The most counter cultural thing a Christian can do today is to refuse the drive to Christmas. If you watched the Macy’s parade on Thanksgiving, Santa came riding in at the end of the parade with the bold symbolic statement that Christmas has come. The commercialization of Christmas is obvious. “Santa has come, the Christmas season is here, so come shop with us.”
The last thing our culture wants to do in this season is wait. We don’t want to hear about voices crying out in the wilderness, of a young woman wrestling with what the child she carries means for her and the world, or even about some long off time when Christ will come again. With all the decorations and advertisements we are collectively saying “Get on it with it.” Just like a child unable to control the excitement, who treasure hunts around the house for gifts, we want the celebration now. None of this waiting business.
Yet, in truth, this is Advent. It is not Christmas. We are waiting. We are preparing.
To observe Advent is to push back on our culture of consumption and immediacy. To observe Advent is THE Christian practice for our time. For in Advent we acknowledge the delay. We recall the Hebrew people waiting for the Promised One. And we proclaim the fact that we are liminal people. We live in the now-and-not-yet-ness of our faith. Jesus has come, and we wait for him to come again.
Waiting is so uncomfortable because we have to acknowledge both our longing and our lacking. When we confront our longing, we realize that there is something we lack. That is very definition of desire. We want what we don’t have. And when we see our longing played out each Sunday of Advent we are confronted with the very reality that we are not yet in the fullness of God’s embrace. In a culture that celebrates immediacy, consumption, and satisfaction, such a realization is nearly anathema.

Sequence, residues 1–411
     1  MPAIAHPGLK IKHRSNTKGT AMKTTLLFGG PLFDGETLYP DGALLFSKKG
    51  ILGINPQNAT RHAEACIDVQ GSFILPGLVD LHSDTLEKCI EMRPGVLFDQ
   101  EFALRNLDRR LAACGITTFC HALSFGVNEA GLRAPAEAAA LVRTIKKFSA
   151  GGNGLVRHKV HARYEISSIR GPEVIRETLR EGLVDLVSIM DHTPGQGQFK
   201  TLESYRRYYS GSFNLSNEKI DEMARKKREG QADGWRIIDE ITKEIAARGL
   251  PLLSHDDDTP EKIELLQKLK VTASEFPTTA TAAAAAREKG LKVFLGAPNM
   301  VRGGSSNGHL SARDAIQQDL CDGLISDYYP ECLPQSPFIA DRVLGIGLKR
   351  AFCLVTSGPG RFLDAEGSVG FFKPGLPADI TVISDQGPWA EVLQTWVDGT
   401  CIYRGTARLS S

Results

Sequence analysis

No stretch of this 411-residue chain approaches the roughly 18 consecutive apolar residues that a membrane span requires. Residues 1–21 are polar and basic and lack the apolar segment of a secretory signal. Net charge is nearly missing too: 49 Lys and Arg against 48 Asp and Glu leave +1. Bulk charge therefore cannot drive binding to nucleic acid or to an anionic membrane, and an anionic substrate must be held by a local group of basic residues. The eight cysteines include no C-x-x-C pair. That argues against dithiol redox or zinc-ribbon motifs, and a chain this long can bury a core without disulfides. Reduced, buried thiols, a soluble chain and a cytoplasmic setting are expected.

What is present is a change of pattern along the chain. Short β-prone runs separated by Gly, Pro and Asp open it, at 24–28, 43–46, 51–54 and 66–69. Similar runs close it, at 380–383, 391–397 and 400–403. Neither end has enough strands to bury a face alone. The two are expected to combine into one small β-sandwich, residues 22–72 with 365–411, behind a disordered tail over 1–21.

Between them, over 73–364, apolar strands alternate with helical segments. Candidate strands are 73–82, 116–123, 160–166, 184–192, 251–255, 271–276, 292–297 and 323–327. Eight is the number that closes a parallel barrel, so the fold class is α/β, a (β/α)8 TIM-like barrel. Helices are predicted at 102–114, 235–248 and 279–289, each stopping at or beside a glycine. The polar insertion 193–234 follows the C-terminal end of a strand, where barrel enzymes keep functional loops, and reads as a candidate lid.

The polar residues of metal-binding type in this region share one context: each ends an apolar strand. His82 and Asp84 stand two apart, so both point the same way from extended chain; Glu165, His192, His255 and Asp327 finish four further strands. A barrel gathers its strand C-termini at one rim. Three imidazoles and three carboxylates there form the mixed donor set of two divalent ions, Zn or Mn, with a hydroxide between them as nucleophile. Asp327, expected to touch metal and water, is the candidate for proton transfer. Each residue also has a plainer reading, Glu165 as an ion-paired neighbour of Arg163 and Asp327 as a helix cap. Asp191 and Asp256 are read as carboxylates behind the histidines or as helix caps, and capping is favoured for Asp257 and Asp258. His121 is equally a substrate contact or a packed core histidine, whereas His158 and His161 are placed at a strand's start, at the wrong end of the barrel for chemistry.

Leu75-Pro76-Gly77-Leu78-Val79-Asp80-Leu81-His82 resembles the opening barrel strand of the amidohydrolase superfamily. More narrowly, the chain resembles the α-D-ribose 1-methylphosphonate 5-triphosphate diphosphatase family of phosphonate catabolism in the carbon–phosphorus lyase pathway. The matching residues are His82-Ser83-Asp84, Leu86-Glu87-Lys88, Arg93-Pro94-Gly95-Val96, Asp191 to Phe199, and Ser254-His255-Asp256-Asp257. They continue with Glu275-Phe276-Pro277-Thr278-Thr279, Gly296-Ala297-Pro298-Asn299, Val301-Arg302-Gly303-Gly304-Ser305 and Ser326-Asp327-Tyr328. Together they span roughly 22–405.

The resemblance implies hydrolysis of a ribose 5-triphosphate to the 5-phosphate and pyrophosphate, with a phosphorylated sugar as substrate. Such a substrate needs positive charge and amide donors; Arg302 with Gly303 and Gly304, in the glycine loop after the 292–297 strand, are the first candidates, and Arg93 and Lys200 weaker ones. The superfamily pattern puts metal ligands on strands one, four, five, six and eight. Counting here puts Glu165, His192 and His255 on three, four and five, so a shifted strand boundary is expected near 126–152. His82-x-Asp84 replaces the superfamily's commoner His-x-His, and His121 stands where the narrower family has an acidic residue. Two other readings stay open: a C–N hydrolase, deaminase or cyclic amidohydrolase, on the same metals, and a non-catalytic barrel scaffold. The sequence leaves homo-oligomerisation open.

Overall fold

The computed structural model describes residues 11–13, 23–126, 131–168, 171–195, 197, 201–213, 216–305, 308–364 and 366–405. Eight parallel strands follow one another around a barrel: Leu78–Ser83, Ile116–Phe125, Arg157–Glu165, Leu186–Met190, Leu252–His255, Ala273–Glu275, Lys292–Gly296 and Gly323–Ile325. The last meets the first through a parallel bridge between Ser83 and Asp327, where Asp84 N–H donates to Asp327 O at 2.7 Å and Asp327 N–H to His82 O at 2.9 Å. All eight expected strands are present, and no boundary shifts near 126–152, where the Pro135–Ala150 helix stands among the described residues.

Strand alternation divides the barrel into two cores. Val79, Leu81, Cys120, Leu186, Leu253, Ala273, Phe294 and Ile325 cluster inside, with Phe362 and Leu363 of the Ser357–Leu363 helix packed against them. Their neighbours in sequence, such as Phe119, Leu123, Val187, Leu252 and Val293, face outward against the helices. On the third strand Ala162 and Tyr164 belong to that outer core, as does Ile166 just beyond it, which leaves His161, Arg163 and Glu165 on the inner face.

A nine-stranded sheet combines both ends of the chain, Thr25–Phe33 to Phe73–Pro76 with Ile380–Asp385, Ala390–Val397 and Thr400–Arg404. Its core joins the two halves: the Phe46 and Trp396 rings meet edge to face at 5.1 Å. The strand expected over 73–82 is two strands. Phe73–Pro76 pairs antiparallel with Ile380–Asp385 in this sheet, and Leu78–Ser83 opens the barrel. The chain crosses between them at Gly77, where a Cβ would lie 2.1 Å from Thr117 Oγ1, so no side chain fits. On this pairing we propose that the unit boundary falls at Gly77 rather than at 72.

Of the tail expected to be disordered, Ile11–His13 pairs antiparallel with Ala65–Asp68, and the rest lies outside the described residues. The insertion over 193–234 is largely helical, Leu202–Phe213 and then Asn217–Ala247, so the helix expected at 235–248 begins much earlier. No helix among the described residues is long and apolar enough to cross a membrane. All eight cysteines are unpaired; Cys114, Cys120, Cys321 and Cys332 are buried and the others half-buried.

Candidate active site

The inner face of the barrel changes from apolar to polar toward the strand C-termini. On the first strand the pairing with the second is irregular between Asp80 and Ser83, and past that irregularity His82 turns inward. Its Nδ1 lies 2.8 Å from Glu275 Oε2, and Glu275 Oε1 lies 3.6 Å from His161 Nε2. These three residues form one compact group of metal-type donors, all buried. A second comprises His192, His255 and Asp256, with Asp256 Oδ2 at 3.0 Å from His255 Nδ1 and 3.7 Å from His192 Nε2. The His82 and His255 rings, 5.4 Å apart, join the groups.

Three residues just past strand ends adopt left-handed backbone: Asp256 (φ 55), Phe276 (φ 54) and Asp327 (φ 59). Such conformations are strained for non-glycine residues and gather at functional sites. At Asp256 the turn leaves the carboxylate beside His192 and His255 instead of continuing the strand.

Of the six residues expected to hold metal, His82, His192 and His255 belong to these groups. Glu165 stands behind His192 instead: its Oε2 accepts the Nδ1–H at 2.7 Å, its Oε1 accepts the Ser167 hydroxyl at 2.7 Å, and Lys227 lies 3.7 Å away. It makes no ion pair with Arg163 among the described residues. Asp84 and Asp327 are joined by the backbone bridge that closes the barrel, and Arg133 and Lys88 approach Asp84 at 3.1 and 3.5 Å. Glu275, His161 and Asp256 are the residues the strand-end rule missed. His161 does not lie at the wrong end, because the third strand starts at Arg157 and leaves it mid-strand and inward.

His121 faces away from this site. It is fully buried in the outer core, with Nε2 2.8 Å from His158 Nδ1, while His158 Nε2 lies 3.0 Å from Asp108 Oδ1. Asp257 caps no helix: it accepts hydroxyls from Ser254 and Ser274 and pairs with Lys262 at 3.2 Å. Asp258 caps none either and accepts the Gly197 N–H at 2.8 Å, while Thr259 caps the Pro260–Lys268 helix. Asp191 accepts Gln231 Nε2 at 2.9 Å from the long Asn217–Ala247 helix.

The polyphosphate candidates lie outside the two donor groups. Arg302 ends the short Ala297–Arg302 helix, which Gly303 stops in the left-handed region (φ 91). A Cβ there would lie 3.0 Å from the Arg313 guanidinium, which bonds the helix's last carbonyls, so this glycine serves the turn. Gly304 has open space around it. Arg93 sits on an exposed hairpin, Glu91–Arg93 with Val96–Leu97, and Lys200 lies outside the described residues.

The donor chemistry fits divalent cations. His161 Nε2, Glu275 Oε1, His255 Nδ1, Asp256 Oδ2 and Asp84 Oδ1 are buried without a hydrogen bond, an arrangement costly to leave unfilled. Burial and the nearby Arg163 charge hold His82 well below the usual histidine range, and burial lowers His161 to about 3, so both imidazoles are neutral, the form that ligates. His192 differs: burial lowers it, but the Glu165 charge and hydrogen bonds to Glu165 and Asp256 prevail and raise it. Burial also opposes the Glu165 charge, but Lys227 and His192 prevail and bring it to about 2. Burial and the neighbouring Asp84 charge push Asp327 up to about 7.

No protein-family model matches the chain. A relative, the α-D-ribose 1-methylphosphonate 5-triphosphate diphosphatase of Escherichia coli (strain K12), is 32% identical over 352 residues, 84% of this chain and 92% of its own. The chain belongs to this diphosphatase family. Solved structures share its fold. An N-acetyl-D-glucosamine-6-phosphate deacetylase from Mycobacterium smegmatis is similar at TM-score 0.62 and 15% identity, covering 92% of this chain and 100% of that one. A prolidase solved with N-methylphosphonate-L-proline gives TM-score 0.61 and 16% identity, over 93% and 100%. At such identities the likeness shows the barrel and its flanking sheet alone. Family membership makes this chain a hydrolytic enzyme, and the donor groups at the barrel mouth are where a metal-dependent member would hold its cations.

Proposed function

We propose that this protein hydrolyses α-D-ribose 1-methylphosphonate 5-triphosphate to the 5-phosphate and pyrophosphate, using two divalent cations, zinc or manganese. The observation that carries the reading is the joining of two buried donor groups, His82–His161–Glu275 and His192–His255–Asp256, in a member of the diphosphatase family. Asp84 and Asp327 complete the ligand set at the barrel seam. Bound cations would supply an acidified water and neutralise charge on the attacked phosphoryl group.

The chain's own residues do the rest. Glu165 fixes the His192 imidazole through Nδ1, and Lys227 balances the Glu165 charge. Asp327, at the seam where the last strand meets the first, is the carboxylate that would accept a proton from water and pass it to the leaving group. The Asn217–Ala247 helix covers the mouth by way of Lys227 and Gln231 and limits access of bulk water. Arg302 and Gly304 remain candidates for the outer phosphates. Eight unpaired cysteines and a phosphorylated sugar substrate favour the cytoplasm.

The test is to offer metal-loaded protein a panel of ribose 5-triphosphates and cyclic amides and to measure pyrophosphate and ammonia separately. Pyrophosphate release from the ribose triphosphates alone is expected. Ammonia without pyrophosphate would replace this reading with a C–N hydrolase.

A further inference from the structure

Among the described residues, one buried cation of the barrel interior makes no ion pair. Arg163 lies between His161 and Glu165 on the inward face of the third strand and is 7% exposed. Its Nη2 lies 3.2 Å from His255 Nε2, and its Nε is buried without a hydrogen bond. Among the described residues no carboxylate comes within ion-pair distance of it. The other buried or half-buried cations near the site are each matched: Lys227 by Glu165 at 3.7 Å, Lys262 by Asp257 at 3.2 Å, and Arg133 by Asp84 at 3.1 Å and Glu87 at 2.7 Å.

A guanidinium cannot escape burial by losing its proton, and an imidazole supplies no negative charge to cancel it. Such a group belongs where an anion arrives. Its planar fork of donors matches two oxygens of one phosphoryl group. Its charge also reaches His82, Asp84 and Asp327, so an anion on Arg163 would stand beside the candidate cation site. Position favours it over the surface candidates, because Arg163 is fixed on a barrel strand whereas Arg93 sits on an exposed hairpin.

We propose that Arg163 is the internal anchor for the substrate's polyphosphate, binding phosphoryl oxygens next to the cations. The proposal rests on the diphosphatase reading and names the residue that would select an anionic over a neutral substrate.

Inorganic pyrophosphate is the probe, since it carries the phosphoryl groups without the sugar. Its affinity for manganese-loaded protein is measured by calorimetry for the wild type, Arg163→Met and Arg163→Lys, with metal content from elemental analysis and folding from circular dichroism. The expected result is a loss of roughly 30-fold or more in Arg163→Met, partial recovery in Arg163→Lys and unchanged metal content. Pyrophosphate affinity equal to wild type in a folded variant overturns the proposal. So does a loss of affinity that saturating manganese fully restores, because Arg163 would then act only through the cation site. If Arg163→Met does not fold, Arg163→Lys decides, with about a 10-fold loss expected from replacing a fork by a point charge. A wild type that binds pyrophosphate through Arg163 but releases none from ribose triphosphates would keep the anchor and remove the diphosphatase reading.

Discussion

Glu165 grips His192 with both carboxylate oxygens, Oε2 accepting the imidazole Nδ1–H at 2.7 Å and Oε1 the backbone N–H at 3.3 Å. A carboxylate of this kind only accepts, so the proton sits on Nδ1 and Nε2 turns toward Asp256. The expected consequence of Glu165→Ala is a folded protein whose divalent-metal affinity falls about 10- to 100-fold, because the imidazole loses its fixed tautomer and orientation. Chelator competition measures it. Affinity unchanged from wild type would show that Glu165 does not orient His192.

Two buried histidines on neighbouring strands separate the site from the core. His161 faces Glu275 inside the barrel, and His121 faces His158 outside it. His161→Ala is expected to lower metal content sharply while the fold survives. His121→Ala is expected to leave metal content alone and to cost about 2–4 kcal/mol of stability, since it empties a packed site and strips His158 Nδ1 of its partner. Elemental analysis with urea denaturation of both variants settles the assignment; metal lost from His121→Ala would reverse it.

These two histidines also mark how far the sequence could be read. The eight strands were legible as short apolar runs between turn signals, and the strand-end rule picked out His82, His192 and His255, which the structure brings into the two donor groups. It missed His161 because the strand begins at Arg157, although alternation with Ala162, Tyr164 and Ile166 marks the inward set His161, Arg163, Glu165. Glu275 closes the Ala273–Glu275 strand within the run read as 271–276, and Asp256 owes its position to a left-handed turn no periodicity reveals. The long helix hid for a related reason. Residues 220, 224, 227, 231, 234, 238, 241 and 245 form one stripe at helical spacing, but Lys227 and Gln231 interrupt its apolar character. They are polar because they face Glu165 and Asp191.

In Advent we embody both our longing and come to terms with the very distance between us and God. Christians today have bought into our culture of immediacy, preaching a Gospel of God’s full presence. To even hold the season and practice of Advent counters the way we have tried to share the Good News. Advent, then, chastens us as followers of Jesus by reminding us that God is both with us and yet before us. It forces us to accept the distance between us and Christ. Christ is not “in us” but coming. Christ is not here, but is calling us into the fullness of faith.
At the close of his beautiful memoir, The Seven Story Mountain, Thomas Merton put words to this paradox.
“I no longer desire to see anything that implies a distance between You and me: and if I stand back and consider myself and You as if something had passed between us, from me to You, I will inevitably see the gap between us and remember the distance between us.
My God, it is that gap and that distance which will kill me.”
To the world around us, living in want and wait does seem like death. Why wait for anything when everything is right here? Why wallow in longing when satisfaction is so easy? And for the dominant theology of our time, preparing for the coming of Christ contradicts the very immanence we preach. Why prepare for Christ when we have Christ now, in our hearts, and will go to heaven when we die? Why all this business of rough places smoothed, valleys lifted up, mountains made low, the overthrow of the powerful, and the proud humbled?
It is Advent sisters and brothers, and there is no greater resistance than to hold this season of waiting. Advent is counter cultural.